Boats, Boats, Boats: Tampa Bay Boat Show
If you are looking to buy a boat this spring, you'll find plenty to choose from this weekend at Tropicana Field. The Tampa Bay Boat Show will have hundreds of watercraft on display, but it is easy to get overwhelmed. So before you go, come up with a game plan. Are you a shopper who just wants to look around and dream of owning a boat? Or are you a buyer who wants to slap down cash and hit the water before kingfish season? If do really want to buy, set a budget. How much do you want to spend? Do you plan to pay for the boat in one lump sum or through monthly payments? Answer those questions before you settle on a specific model. Once you decide on what you want, check the used boat ads for resale value. If you buy the boat now, what will it sell for in two or three years? The show runs Friday through Sunday. Gates open at 10 a.m. Free admission; $5 parking. tampabayboatshows.com.
Prepare: Camping on the water
Most of Florida's best backcountry campsites are accessible only by water. The Everglades, the Ten Thousand Islands and Biscayne National Park are popular with canoeists and kayakers. In most places, outfitters rent watercraft and provide paddles and personal flotation devices, but you will have to bring camping gear. Pack for a water trip as you would for backpacking: Bring only what is necessary. But whenever you're dealing with open-water conditions, hypothermia can be a concern. Be sure to dress in layers and wear a waterproof outer layer in inclement weather. Before you try to paddle to this chickee on the 99-mile Wilderness Waterway that runs from Everglades City to Flamingo, try a few short day trips in your canoe or kayak. Pack as if you were going on a weeklong expedition, even it means just carrying 10 gallons of water. It will give you a sense of what to look forward to.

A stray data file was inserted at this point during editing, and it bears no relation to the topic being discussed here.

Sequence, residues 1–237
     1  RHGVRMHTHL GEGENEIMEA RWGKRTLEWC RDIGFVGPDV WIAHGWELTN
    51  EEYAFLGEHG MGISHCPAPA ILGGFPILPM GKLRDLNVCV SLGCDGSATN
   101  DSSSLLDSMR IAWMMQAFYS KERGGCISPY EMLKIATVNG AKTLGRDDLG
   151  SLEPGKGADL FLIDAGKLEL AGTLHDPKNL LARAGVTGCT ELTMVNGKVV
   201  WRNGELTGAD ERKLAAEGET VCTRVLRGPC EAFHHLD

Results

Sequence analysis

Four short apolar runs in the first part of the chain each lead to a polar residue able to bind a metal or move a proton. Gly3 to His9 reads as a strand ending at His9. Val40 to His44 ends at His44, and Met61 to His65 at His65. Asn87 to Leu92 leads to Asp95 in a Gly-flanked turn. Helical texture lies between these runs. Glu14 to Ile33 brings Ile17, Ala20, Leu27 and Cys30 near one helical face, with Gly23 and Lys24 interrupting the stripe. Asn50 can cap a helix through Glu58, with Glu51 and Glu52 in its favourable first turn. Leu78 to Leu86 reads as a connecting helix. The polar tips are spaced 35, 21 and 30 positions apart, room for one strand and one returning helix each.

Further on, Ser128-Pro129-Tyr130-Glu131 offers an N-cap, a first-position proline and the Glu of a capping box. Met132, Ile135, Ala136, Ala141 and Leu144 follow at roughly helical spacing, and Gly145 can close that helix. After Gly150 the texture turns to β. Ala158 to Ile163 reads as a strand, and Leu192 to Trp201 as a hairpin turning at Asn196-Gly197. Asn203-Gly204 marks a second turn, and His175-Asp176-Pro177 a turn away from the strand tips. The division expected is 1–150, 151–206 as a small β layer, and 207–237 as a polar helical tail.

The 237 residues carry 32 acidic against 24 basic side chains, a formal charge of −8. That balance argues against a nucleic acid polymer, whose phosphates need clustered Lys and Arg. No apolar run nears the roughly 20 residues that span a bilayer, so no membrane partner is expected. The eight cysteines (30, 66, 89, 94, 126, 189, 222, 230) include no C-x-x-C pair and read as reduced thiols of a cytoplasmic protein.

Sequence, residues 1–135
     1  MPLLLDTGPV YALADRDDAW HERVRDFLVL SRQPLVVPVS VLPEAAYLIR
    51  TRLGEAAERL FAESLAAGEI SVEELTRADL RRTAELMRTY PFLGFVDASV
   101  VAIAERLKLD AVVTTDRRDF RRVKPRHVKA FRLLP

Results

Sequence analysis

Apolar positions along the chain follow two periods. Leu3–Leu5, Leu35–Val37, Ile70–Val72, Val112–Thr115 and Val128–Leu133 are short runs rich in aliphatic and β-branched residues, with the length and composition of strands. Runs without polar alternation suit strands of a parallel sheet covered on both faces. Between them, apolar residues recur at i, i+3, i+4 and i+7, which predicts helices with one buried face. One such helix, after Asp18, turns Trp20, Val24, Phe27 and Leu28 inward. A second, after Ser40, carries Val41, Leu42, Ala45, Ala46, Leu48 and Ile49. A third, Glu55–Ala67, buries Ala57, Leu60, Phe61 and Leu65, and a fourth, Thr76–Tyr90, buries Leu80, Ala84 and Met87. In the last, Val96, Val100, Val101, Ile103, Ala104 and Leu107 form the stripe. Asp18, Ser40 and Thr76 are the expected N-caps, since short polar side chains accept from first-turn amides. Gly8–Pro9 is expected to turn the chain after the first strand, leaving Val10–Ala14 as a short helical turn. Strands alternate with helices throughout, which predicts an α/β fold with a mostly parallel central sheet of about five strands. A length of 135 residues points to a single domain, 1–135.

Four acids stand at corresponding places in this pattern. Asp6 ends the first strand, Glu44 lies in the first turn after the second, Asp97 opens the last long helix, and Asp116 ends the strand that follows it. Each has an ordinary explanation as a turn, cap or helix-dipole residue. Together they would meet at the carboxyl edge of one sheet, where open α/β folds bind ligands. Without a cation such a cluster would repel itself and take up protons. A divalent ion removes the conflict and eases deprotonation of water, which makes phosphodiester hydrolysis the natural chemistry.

Animal of the week: Coral Snakes
Florida has 44 species of snakes, with six considered dangerous to humans: the pygmy rattlesnake, the copperhead, the cottonmouth, the diamondback rattlesnake, the timber rattlesnake and the coral snake, the country's most venomous reptile. Measuring less than 2 feet but packing a punch more powerful than an 8-foot rattlesnake, the coral snake is closely related to the cobra and has a neurotoxin venom that attacks the nervous system. Because of its bright yellow, red and black bands, the coral snake is often confused with the scarlet kingsnake with similar markings. Forget the rhyme "red touch yellow, kills a fellow; red touch black, good for Jack." If you are bitten by a coral snake, chances are, you'll be too preoccupied with the pain to remember the rhyme. It's much easier to look at the face: The coral snake's is black; the kingsnake's is red. Nine out of 10 coral snake bites occur after the victim has tried to pick up, harass or kill the coral snake. So a good rule to follow is don't play with snakes. If you suffer a bite wound, stay calm. Then get to the hospital immediately. The doctor will need to know what species bit you. A coral snake's bite is treated with a different antivenin than a rattlesnake's bite.